Gupto Kaku used to stand outside my bedroom window early in the morning holding a small puja basket full of fresh flowers and whisper in a slow murmur “Guten Morgen, Madam”. Still, in my slumber, I used to mutter a gibberish reply and immediately fall asleep again. He used to get back to his morning routine which was mainly prayer and meditation.
For the rest of the neighborhood, morning unwrapped slowly with the chirping of birds, breathless conversation of the morning walkers, chattering of the school going kids and finally the loud noise of the fish and vegetable hawkers. While for me it began when he came to my house after finishing his puja with prasad and flower. I used to still be in my bed partly wakeful partly sleepy while he touched my forehead with the flower and then start talking. He was talkative and talked incessantly. I often used to not listen to what he said but just vacantly looked at him wrinkling my eyes. My mornings were warm and comfortable something I yearn for now.
Both I and his daughter M were late risers whereas he and my father woke up early in the morning. While I and he had our Guten Morgen, his daughter and my father had their usual Good Morning. I and he secretly believed that wishing Guten Morgen was a classy manner and what they did was merely a tacky imitation. Many a time when M screamed Good Morning to my father he used to wink at me from behind her with an impish grin. He was a childish man and had the contagious energy and innocence of a child.
We had a guava tree in our backyard which we had to trim once after getting complaints from other neighbours. I was very upset and I hated to see my bare tree without leaves, branches, and fruits. I might have even cried secretly. He understood this and gathered all the chopped branches that were lying on the ground. The following afternoons he spent secretly carving those branches and one fine day he asked me to come over to his house. And what I saw was a beautiful table crafted out of those branches. He was an amazing engineer, true to his profession. I must have hugged him in sheer excitement.
We had a street dog for a pet. We mean me, my father, M and him. The street dog mostly lived on my balcony but ate both at my place and his. Whenever the dog fell ill all of us started worrying. He used to come with his bio-chemic medicine kit and start giving the dog medicines in all permutation and combination. He was a self-taught Bio-chemic medical practitioner. He had this old thick book with yellowish worn out pages which he used to refer to for everything from a cough and cold to cancer. His passion for bio-chemic was contagious and I actually started believing so much that whenever I fell sick I first went to him. Calcaria Phos became a part of my medicine kit. He never charged and offered his medicine to anyone who fell sick within and outside of his circle of acquaintance. Once he even gave his medicine to an alleged thief who was lying bleeding after being lynched in our neighbourhood.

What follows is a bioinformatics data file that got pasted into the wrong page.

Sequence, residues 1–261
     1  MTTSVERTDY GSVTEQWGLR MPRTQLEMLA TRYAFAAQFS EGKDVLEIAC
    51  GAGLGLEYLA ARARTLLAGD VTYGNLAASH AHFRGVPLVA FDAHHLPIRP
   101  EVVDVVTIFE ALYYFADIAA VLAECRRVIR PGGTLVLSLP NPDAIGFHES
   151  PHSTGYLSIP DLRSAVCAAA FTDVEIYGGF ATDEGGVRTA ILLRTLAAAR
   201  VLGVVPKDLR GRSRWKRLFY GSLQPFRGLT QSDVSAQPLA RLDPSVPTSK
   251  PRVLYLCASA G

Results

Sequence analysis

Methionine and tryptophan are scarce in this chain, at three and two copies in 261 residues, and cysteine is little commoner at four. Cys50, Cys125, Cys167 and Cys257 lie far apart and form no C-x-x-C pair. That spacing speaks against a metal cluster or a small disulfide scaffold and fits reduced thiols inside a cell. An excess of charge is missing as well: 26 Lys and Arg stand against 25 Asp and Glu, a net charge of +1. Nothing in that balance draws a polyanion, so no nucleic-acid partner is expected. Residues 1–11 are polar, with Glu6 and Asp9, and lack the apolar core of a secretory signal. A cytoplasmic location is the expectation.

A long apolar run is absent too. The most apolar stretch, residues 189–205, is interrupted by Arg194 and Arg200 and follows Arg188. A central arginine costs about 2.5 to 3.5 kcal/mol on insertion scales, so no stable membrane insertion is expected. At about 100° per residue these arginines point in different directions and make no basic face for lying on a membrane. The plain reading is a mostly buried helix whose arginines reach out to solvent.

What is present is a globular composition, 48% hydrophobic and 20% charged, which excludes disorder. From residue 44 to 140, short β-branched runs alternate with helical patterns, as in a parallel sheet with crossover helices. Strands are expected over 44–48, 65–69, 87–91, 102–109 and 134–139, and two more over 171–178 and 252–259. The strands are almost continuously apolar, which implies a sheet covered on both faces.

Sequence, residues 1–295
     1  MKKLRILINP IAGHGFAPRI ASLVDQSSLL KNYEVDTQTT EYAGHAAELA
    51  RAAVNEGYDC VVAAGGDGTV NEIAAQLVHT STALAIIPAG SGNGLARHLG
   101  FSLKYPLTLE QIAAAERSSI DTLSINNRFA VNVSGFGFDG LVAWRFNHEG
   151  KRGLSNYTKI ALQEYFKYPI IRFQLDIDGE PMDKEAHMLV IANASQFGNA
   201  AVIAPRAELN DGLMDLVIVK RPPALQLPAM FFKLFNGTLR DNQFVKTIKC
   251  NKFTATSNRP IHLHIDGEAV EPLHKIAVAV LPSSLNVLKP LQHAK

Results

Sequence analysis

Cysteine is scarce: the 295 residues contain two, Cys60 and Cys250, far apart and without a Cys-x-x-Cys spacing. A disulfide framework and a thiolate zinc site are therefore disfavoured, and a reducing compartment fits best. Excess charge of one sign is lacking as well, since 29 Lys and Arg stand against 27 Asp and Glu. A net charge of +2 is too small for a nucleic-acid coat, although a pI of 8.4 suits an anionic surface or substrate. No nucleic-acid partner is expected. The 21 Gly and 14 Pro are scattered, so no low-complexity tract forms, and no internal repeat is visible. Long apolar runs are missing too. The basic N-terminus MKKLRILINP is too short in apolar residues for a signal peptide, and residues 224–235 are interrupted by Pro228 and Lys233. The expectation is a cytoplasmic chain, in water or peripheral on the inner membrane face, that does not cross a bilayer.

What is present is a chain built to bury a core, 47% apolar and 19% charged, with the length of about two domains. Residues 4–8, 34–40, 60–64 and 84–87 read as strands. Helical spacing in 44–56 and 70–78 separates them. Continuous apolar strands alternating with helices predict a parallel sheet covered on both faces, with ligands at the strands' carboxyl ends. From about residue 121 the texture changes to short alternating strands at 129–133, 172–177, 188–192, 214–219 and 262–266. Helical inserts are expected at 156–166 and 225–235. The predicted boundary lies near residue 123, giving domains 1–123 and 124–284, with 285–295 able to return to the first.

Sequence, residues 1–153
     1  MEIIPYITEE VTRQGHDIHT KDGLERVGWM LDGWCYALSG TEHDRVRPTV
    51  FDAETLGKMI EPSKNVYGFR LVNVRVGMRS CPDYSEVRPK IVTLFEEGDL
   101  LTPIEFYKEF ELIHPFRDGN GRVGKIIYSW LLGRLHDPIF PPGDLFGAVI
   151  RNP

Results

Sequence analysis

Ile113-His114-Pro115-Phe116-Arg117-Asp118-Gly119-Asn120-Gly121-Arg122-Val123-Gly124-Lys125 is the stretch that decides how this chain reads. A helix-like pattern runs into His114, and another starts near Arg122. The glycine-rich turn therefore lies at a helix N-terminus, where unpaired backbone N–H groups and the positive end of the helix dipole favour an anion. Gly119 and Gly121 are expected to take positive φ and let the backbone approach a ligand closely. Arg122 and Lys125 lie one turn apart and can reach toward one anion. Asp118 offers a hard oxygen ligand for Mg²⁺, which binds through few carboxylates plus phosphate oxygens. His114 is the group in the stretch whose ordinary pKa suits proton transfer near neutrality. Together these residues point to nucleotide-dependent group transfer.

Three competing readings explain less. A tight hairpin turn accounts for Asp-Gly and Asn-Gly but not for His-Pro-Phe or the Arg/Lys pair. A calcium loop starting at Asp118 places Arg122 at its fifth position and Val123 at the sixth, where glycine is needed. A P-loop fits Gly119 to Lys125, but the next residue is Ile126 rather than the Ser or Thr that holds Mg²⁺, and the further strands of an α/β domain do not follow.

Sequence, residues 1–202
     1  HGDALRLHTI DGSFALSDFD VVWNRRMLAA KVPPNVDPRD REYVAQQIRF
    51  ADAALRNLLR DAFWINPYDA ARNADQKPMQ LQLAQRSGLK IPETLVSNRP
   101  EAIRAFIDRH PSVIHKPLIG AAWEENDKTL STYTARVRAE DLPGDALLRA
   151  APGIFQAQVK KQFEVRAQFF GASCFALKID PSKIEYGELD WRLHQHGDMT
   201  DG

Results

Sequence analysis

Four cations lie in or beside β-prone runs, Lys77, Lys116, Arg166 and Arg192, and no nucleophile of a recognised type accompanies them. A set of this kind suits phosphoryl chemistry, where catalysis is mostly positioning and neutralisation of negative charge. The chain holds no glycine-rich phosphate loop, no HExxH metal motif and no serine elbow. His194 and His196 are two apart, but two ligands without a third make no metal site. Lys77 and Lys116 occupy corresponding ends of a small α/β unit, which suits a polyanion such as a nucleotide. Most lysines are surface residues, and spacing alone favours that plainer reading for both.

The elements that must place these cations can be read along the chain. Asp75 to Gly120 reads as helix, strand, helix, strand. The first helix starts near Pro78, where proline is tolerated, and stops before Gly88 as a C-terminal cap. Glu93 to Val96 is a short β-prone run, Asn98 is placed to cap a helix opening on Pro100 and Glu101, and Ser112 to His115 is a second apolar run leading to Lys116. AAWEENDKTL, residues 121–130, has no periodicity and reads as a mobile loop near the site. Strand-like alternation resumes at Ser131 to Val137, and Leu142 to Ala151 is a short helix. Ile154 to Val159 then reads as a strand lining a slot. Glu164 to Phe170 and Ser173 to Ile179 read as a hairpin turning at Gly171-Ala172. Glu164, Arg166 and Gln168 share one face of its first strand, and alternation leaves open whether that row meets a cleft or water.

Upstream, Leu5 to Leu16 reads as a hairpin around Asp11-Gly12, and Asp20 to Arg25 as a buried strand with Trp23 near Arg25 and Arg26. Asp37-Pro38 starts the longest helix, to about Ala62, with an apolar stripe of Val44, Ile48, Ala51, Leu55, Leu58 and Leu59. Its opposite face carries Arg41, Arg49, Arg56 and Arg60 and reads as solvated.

Driving was his another passion however after selling his car he took to riding his bicycle. He often kept others in tenterhooks while he went on adventurous rides on his bicycle. Those were the pre-mobile phone days and there was no way to find out where he was or when he would return. M often conspired with me to secretly sell off the bicycle however she could never muster the courage to do so fearing his furious temper. Yes, he did have a temper which sparked and then calmed down in a split second.
There are religious people and there are spiritual people. Religious people believe in rituals, customs, doctrines, fasting etc whereas spirituality is beyond all this. He was spiritual, and I never saw him indulging in any brainless religious rituals. His positive thoughts always made me feel confident. On a bad day, a casual discussion with him always lighted my spirits. After my Mom died, the entire neighbourhood came to console me however he didn’t come to meet me in the first few days when the house was brimming with condolences. A few days later, while I was sitting alone in the balcony I heard his voice behind me. He said, “Whatever happens, happens for good”. It seemed ludicrous. How could the death of my mother happen for good? While every other person said that it was the most unfortunate thing to happen and it would be difficult to manage my life blah blah. How could he say like this? He said that it would have been selfish of me if I wanted her to live in spite of the physical suffering she was going through. When the time comes we should gracefully let go even our dear ones and not cling to them. This is how the cycle of life functions. Long after, I realized he was so right. The death of my mother in a way made me matured, strong and responsible, something I would have never developed otherwise. He had this unique quality of looking at a positive thing even in the most negative situation.
I am not religious however before my exams and interview I visited his house to take blessings from him and his Gurudev. The flower he gave me every morning used to be carefully tucked in the pocket of my wallet. Even from the operation table before my C-section, I called him up for blessings and above all courage. If I believe in a Guru it is him. He was not my father nevertheless a father figure and a lovable part of my childhood and I pay my homage to him.